When it was announced that the long-since circumcised Hannibal franchise was about to receive a weekly NBC series, I didn't take it as good news. Worse, Bryan Fuller was the showrunner--he of the guy-named girls and specious supernatural high concepts, too cute by half and the quintessence of why the word "twee" was invented. But though I avoided its broadcast run, I've now watched the first season of Fuller's "Hannibal" three times all the way through, coming to the conclusion that it's not as smart as Harris's conception, not as masculine as Mann's, and not as operatic as Demme's, but that it's more doom-laden than any of them. It operates in a twilit half-life--enough so that it's speculated the show is set in a literal limbo. I think it's more likely Hell. Rather, it's reality as the equivalent of Hell, something Miltonic where if God is watching, He isn't helping, and there never was a good explanation for why all the suffering. At the end of it, it elicits the feeling you get from a first go-through of Paradise Lost. More to the point, it feels like Chinatown and its quasi-remake, Angel Heart.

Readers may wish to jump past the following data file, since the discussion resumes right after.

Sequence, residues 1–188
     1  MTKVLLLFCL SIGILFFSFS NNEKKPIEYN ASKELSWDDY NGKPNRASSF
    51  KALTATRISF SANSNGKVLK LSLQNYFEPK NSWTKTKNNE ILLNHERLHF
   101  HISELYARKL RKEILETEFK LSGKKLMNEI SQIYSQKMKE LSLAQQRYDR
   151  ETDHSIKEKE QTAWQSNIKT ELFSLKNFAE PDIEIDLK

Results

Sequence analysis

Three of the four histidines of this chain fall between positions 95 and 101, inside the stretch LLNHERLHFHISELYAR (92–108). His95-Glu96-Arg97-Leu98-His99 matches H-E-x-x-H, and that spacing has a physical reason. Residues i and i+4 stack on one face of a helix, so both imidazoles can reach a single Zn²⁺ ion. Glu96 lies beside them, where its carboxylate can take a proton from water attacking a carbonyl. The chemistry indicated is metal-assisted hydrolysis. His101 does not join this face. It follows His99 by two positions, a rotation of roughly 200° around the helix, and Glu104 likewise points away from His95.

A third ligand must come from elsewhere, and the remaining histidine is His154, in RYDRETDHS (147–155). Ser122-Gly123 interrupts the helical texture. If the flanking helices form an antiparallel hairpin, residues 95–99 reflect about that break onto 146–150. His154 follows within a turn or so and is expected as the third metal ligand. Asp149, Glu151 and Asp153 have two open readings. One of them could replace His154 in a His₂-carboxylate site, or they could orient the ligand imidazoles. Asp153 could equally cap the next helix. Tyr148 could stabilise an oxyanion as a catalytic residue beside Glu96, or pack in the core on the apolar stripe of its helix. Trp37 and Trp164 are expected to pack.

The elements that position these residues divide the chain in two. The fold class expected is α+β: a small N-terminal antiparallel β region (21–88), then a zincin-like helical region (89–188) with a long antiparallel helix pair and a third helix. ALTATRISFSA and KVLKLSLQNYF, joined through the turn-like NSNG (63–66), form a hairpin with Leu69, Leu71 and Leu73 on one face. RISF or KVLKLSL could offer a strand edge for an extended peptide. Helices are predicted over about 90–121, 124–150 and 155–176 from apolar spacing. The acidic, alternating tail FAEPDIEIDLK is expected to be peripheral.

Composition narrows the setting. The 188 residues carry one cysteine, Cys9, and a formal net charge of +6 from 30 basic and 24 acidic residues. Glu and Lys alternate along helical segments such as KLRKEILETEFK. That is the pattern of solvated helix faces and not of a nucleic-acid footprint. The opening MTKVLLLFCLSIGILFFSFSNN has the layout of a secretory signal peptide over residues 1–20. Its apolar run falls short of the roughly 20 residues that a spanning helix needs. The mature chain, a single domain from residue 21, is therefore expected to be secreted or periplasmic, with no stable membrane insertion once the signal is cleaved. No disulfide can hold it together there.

All of which is to say that although it doesn't start well, somewhere in the middle it bores into the viscera and lodges there. How did Clive Barker begin his short story "Dread"? "There is no delight the equal of dread." It's true. "Hannibal" is delightful. It presents a world of absolute perverse corruption. There is no question of redemption, as there is no redemptive light. In changing brilliant Dr. Alan Bloom, a secondary character oft-referenced in the book, into a more primary figure as well as a woman (Caroline Dhavernas) and obvious love interest for our hero, Fuller introduces sex into the mix--something Harris himself does in his Hannibal, though the film version of the same inexplicably shied away. Fuller introduces pathos, too, in recasting tabloid hack Freddie Lounds (Lara Jean Chorostecki) as a woman--pathos because we the faithful know Freddie's ultimate fate. And because we're chauvinists, or maybe just human (maybe there's no difference), that fate is somehow harder to absorb when it's an attractive young woman. Finally, there's real complexity when FBI agent Will Graham (Hugh Dancy) is recast partly as a young FBI cadet--a girl again, Miriam (Anna My Girl Chlumsky), who discovers Hannibal's true identity and is murdered for her trouble. In the backstory of Red Dragon, see, Will discovers Hannibal's identity and gets a near-fatal knife to the gut for his troubles. What's happened in the series is that (Jungians, take note) Will's feminine side has been calved off and murdered, and all that's left is mortal, fragile, halved. Despite the coup of casting Mads Mikkelsen as Hannibal Lecter (and, to a lesser degree, Laurence Fishburne as FBI director Jack Crawford), the star of the show appears to be these gender reversals that, to a one, magnify and elevate the mood of the piece.